And people wonder why I hate undergrad.

“Chance me?”

16 Sep

The world of admissions can be a strange beast. Enter it, and you are immediately bombarded with a cacophony of competing voices: those of your pre-law advisor(s), the parentals, friends, acquaintances, the myriad of avatars on TLS, blawgers, etc. I’m not sure any of these groups has the market cornered on inaccurate advice, but I am sure that no one really knows what goes through the mind of an adcomm who is reviewing the 265th application of the day.

What kills me, what really cracks me up, is the advice giving and taking that goes on over at TLS. I’m going to hazard a guess that most of the people browsing the Law School Admissions forum have no real firsthand information on which to base most of their statements; a lot of information there is recycled, anecdotal, inferred, blah blah blah, you get the idea. I’m not saying all of it, or even most of it, is wrong. Actually, I feel very comfortable following most of the advice I read over there, not least because these people are as obsessed as I am with admissions, much more so than my university pre-law advisor (who seems perfectly content to send people to T4 schools paying sticker). A lot of good things come from TLSers, appreqs.com and lawschoolpredictor.com, to name a couple. But really, I feel deeply sorry for people who ask questions like, “What are my chances at Law School X with 17x and 3.xx?”

Because no one knows. A few people will hazard guesses, but those guesses are fairly valueless. I accepted a while back that there is an element of chance that no one can anticipate correctly, and then I moved on. With this “moving on” came a dramatic decrease in the number of hours brief, pop-in-to-have-a-look-around stops I made over to TLS, and I realized that life exists outside of the law school admissions process. It also probably helps that (a) I have an LSAT score I’m pleased with, (b) my essays and other application materials are finished, (c) I have admission to a school where I would have no problem going, and (d) my friends and family are thisclose to kicking me out of their lives if I don’t STFU about law school.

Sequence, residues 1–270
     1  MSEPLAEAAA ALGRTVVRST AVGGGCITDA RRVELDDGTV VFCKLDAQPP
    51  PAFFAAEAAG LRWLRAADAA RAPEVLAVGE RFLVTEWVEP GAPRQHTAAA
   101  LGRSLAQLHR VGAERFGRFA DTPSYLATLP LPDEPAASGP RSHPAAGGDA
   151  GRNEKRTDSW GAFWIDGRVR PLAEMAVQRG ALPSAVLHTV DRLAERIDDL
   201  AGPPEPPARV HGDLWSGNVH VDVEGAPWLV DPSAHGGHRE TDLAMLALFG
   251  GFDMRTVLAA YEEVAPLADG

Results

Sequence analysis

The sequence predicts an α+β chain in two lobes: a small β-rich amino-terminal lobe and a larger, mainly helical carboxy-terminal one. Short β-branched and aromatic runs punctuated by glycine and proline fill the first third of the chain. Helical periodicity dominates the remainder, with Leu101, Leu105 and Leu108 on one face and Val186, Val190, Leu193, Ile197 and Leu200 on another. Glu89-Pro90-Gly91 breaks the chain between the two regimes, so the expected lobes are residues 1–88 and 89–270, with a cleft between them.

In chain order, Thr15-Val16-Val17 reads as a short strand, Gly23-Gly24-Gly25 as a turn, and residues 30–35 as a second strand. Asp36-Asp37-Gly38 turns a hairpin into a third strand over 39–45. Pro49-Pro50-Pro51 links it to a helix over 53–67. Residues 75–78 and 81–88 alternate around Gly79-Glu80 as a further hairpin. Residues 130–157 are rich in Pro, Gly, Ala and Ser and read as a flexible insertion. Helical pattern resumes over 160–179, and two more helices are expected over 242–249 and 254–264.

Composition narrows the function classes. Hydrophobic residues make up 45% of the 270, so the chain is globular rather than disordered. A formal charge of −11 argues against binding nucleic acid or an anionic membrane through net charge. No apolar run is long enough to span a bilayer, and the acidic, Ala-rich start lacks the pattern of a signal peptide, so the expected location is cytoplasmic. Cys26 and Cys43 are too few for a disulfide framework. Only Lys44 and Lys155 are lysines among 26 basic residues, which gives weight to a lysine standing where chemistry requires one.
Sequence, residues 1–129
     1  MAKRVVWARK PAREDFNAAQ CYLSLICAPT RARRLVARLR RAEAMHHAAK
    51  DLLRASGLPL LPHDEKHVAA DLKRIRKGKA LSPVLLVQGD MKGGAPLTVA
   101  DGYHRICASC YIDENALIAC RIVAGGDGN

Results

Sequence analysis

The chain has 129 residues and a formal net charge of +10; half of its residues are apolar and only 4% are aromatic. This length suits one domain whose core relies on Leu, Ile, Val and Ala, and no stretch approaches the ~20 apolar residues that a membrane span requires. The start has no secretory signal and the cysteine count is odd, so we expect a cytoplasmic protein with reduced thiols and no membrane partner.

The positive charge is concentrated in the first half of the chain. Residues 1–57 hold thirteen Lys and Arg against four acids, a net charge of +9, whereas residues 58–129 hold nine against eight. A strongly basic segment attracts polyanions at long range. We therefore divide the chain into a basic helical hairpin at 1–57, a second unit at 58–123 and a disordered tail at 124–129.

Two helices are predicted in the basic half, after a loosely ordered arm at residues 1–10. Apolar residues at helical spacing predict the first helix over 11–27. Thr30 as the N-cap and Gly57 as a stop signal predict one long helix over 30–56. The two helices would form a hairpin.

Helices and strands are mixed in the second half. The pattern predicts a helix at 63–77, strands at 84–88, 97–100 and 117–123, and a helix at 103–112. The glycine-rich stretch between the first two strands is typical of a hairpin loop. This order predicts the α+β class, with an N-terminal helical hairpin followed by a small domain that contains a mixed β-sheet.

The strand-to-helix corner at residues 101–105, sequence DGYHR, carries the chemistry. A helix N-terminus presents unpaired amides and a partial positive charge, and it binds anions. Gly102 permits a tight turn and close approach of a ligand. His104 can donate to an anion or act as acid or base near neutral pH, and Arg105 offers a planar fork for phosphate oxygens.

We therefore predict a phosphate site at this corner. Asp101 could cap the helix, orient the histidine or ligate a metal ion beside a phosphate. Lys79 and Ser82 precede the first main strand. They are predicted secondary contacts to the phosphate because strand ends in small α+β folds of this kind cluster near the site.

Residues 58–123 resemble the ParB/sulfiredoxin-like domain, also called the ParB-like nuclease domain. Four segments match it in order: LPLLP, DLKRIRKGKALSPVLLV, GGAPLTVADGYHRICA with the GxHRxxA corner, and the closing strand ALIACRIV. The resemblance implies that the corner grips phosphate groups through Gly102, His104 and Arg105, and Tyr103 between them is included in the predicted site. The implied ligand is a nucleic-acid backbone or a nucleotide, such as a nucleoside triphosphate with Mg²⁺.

Returning to the world of normal, balanced people has been a treat. I highly recommend it.

!!!

11 Sep

I just got my first law school acceptance (via BlackBerry, thank God for sanity-facilitating technology).  I thought I’d feel more excited. Mostly, I feel annoyed that I need to fill out additional scholarship applications. I also feel annoyed because I know that I am embarking on a life path that will be overwhelmingly paperwork based, and I should consider the law school admissions hoop-jumping a primer, but really, I just want to revel in my success for a bit.

Opportunity-Cost

9 Sep

I run across people, in real life and through Internet forums like TLS, who have done, bluntly, pretty impressive stuff. They’ve done research (independently or in assisting positions) on things they care about. They have great insight into and familiarity with particular areas. They write dissertations and give panel presentations. Even as undergrads, they took on research responsibilities and began learning how to be real academics–not exactly on par with the “try not to plagiarize your ten-page term paper” instruction I receive in my upper level courses.

I don’t want to be an academic, but this knowledge is disheartening. Because what have I done?

I’ve taken a standardized test, and I did well. I’m proud of this. I am.  I completely devoted myself to test preparation, but it feels absolutely empty now, three months later. I almost wish I had undertaken an honors thesis instead, but if I had, my LSAT score may have reflected that choice. In the long run, a few points on the LSAT is worth more than fifty pages of original research to an admissions committee. Those few points are the difference between ninety-ninth percentile and… everyone else. The difference between T6 and… everyone else. The difference between BigLaw and… everything else.

So in terms of opportunity-cost, maybe I made the right decision. I sold my academic and intellectual curiosity for the ability to determine whether the stegosaurus can be mauve or whether it must be yellow. I hope it’s worth it.

CCN!!!!11!1!!!1 zOMG!! AAAhhhahhh!!!!!111!@!1

5 Sep

My CCN applications are submitted, and I have been seized by the feeling that I should have tossed an ED NYU’s way. 

Damn you, fear of commitment. If you’ve just ruined my chances at NYU, consider our relationship over.

See that ball? I’m on it.

1 Sep

Annnnd that brings my submitted app count to three. 

The process of filling in biographical information and attaching .docx files is so arduous that I’m not sure any more will be submitted this week.